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Kennedy Trust Prize Studentships

Project overview

A pivotal event promoting adaptive immune responses is binding of antigens to antigen receptors and subsequent actin cytoskeleton reorganisations resulting in receptor microcluster (MC) formation, intracellular signalling, and ultimately immunological synapse (IS) formation. The IS is a specialised interface at the cell-cell contact between lymphocytes and antigen presenting cells (APCs), which has been unleashed to enhance T-cell function in cancer immunotherapy or restrained to suppress inappropriate immune responses in autoimmune diseases. T-cell receptor (TCR) mediated activation of T cells by APCs depends on actin assembly, while inhibition of actin dynamics arrests the IS and results in impaired T-cell activation. Specifically, TCR ligation triggers a molecular program that results in activation of phospholipase C-γ1 (PLCγ1) and its recruitment by linker of activated T cells (LAT), resulting in intracellular calcium release and cortical actin remodelling. Recent studies by others and us have reported a complex role for the cortical cytoskeleton in both promoting and inhibiting PLCγ1 activation by the formation actin foci facilitating MC dynamics during IS formation (1). Historically, advances in understanding the mechanisms underlying key events in the IS have been driven by innovations in microscopy that provide greater spatial and temporal resolution coupled to appropriate immunochemical, genetic, and biochemical tools (3,4). Until recently, state-of-the-art microscopy has not been informative about the underlying real-time spatio-temporal dynamics of the actin cytoskeleton. Especially, despite our knowledge of the molecular processes underlying actin assembly, the mechanisms controlling actin foci recruitment to MCs and their regulation by PLCγ1 and intracellular calcium release during IS formation remain elusive. To overcome this challenge, we will monitor the dynamics of actin, PLCγ1, and calcium ions at extended spatio-temporal resolutions by applying the novel eTIRF-SIM (extended total-internal-reflection-fluorescence (TIRF) structured-illumination-microscope (SIM)) developed by our close collaborators Professor Dong Li (Biophysics Institute, Beijing) and Dr Eric Betzig (HHMI Janelia FARM, USA). This research project aims to elucidate the dynamic interplay of PLCγ1 recruitment to LAT, intracellular calcium release, and actin recruitment to MCs during the formation of the IS.Further, we make use of a high-speed spinning-disk calcium assay optimised for large cell ensembles and analysed by our software package CalQuo (2,3). Single molecule based biophysical analysis tools will enable us to study the nanoscale actin filament network structures at the IS (4). We will initially investigate the dynamics of the above detailed players in Jurkat T-cells interacting with protein-functionalised glass surfaces and then extend our studies to primary lymphocyte interacting with mobile supported-lipid-bilayer (SLB) systems.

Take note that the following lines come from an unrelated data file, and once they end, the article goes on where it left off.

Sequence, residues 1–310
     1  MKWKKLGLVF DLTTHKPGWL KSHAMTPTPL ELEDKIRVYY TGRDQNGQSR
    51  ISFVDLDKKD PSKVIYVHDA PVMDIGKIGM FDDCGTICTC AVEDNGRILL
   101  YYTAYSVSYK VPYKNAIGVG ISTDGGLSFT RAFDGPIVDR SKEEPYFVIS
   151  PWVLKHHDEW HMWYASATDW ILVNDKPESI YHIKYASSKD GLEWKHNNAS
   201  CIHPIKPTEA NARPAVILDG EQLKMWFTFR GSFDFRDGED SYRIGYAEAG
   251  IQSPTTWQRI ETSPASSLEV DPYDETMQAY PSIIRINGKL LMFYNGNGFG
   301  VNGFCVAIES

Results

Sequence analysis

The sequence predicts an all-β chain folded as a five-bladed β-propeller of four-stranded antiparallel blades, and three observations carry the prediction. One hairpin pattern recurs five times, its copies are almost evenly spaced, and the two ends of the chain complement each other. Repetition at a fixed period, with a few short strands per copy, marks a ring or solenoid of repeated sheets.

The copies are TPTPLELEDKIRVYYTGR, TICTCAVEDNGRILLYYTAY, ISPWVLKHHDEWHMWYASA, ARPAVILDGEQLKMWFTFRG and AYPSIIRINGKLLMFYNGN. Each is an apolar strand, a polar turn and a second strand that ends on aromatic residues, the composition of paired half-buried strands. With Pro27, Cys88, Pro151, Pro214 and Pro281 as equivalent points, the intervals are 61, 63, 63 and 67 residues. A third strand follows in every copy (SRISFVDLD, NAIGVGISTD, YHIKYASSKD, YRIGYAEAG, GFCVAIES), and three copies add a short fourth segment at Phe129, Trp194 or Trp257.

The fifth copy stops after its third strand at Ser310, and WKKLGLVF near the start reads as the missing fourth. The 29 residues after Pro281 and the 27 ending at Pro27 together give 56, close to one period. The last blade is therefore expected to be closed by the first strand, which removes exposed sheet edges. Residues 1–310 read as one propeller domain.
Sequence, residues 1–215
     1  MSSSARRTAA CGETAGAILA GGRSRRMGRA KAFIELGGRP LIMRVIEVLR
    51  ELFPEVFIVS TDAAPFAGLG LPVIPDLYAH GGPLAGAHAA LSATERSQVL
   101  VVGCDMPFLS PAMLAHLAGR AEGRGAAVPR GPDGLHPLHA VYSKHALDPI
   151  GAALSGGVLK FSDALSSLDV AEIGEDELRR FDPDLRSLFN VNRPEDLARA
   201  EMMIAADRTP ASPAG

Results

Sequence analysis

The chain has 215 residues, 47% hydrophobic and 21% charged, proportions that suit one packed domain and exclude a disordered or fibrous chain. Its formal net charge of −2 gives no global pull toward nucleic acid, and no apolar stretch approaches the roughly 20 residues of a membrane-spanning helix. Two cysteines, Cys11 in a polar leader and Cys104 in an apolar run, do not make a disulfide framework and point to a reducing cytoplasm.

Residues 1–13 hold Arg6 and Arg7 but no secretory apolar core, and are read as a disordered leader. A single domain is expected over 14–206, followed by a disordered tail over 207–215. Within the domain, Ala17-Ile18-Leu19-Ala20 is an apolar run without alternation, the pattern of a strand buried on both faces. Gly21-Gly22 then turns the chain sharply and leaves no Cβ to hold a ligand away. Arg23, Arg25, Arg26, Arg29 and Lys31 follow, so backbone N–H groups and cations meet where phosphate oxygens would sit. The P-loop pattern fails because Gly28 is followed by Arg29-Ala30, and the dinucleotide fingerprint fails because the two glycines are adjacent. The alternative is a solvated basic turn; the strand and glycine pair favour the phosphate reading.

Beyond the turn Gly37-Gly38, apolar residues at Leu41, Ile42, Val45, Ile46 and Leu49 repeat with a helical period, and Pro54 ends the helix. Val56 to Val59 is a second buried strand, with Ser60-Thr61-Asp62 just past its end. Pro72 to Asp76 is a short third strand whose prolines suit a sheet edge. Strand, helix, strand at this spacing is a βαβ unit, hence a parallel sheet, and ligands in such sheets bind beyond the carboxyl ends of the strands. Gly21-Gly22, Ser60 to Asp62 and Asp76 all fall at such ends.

Training opportunities